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Ontario Tech acknowledges the lands and people of the Mississaugas of Scugog Island First Nation.

We are thankful to be welcome on these lands in friendship. The lands we are situated on are covered by the Williams Treaties and are the traditional territory of the Mississaugas, a branch of the greater Anishinaabeg Nation, including Algonquin, Ojibway, Odawa and Pottawatomi. These lands remain home to many Indigenous nations and peoples.

We acknowledge this land out of respect for the Indigenous nations who have cared for Turtle Island, also called North America, from before the arrival of settler peoples until this day. Most importantly, we acknowledge that the history of these lands has been tainted by poor treatment and a lack of friendship with the First Nations who call them home.

This history is something we are all affected by because we are all treaty people in Canada. We all have a shared history to reflect on, and each of us is affected by this history in different ways. Our past defines our present, but if we move forward as friends and allies, then it does not have to define our future.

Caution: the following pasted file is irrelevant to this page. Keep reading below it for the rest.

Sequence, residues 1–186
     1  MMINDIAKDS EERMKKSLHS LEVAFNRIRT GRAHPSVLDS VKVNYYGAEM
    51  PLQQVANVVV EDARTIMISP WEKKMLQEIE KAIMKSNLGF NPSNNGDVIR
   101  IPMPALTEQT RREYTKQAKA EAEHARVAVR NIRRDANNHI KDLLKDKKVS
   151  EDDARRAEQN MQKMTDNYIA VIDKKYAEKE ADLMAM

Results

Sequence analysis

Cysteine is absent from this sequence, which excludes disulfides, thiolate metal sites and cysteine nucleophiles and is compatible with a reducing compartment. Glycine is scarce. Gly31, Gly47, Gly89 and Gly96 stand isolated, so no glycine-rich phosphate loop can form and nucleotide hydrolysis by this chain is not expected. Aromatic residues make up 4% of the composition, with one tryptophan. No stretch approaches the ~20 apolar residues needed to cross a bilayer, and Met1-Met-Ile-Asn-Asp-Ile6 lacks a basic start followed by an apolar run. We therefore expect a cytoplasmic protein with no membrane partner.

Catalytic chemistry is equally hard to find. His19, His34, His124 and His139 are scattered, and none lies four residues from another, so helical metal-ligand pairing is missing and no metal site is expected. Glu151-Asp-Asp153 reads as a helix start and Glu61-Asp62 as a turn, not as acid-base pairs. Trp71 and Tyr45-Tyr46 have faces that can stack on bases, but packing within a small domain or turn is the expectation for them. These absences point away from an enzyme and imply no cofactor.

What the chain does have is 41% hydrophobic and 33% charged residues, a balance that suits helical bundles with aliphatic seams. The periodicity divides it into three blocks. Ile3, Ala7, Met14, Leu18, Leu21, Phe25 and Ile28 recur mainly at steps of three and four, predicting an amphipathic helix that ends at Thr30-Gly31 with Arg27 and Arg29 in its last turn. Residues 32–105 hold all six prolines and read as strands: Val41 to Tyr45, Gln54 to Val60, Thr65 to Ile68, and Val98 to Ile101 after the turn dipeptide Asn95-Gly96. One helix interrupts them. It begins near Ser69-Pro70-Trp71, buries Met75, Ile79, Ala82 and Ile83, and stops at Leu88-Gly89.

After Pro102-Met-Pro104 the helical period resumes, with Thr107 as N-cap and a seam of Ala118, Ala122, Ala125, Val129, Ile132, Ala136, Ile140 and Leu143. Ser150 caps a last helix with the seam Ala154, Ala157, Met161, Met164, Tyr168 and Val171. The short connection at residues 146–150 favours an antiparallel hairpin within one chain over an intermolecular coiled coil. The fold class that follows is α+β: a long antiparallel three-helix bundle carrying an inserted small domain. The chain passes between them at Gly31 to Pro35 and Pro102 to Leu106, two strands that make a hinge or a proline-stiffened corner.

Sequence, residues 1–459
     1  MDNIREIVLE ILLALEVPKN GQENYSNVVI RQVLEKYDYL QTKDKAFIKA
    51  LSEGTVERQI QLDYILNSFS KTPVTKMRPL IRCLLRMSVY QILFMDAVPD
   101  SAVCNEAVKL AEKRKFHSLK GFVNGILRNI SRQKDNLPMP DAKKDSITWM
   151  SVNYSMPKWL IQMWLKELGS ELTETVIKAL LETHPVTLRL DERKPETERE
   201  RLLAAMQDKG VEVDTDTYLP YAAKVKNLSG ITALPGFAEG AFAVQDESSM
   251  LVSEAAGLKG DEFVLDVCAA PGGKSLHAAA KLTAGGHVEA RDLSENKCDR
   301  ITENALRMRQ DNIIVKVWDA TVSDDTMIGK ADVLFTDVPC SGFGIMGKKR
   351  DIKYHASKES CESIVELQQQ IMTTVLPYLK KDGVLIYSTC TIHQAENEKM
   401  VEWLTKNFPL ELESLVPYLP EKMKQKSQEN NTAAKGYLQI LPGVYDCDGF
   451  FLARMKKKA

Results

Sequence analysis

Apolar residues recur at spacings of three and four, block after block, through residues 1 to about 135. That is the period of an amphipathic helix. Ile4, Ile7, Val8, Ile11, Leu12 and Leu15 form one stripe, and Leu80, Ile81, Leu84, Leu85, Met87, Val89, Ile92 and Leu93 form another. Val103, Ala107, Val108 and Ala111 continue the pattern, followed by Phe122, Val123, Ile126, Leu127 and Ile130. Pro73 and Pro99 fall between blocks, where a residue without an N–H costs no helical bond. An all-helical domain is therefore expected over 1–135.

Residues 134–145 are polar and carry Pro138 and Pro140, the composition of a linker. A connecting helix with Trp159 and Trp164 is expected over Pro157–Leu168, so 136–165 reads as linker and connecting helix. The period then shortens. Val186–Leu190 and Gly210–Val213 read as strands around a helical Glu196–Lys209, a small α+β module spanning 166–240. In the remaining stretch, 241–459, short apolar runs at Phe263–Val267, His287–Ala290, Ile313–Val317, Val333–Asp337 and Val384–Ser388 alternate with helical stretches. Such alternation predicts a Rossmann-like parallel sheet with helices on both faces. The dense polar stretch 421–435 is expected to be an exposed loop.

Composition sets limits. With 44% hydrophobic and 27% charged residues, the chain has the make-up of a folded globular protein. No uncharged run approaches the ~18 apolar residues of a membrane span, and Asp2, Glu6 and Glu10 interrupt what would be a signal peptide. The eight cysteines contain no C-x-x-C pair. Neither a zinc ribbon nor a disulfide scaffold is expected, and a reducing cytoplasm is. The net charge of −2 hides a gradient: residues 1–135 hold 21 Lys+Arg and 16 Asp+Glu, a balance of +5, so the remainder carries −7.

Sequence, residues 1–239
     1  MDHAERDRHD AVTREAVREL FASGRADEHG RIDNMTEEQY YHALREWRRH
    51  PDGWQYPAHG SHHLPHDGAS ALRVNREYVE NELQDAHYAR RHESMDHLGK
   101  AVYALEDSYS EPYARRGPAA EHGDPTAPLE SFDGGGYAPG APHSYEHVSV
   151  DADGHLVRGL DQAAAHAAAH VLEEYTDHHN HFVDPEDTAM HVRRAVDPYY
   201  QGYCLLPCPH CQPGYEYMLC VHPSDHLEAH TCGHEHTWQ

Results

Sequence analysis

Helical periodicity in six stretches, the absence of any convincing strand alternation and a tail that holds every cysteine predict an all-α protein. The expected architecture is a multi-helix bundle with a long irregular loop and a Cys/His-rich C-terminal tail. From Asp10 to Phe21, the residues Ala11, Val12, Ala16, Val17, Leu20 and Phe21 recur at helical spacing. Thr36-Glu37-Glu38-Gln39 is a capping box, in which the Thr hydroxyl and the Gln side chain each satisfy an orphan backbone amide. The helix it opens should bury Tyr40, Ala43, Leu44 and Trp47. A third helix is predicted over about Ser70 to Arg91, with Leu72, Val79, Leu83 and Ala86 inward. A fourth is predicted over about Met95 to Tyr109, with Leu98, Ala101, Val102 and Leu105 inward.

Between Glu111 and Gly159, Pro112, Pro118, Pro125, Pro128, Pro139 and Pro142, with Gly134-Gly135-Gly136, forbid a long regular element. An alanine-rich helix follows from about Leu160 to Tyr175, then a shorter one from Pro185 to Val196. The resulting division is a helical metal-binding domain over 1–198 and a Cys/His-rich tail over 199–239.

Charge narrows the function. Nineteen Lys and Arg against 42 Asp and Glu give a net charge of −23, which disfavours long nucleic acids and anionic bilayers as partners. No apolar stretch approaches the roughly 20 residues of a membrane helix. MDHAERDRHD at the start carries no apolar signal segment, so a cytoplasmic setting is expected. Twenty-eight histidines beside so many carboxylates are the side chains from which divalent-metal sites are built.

Learn more about Indigenous Education and Cultural Services

Facebook smarts

Facebook can be an excellent tool for students to:

  • Connect;
  • Share memories; and
  • Plan new experiences.

Unfortunately, many people don’t exercise caution while creating their Facebook profiles and unintentionally leave themselves vulnerable to:

  • Possible disciplinary action;
  • Predators; and
  • Self-defamation.

Campus Security doesn’t monitor the content of any UOIT student's profile; however, we are obligated to investigate all Facebook material brought to our attention that could potentially have a negative effect on any member of the UOIT community.

Facebook participants should be conscientious about the information they share on social media sites. The following actions may reduce the risks associated with using public sites:

  • Don't give out personal information such as your residence room number, phone number, date of birth or address;
  • Take advantage of Facebook's privacy settings, which enable you to control who sees and doesn’t see the information you share; and
  • Remember that any picture you put on Facebook can be viewed by many people, and once you upload that picture you no longer own it.

If Facebook content denotes you or your friends committing an illegal act, or breaching a university policy, you could be subject to disciplinary action from the Office of Campus Safety.

Remember:  Facebook and similar websites are public forums and should be treated as such. Thinking critically when releasing personal information will go a long way in protecting your safety and security.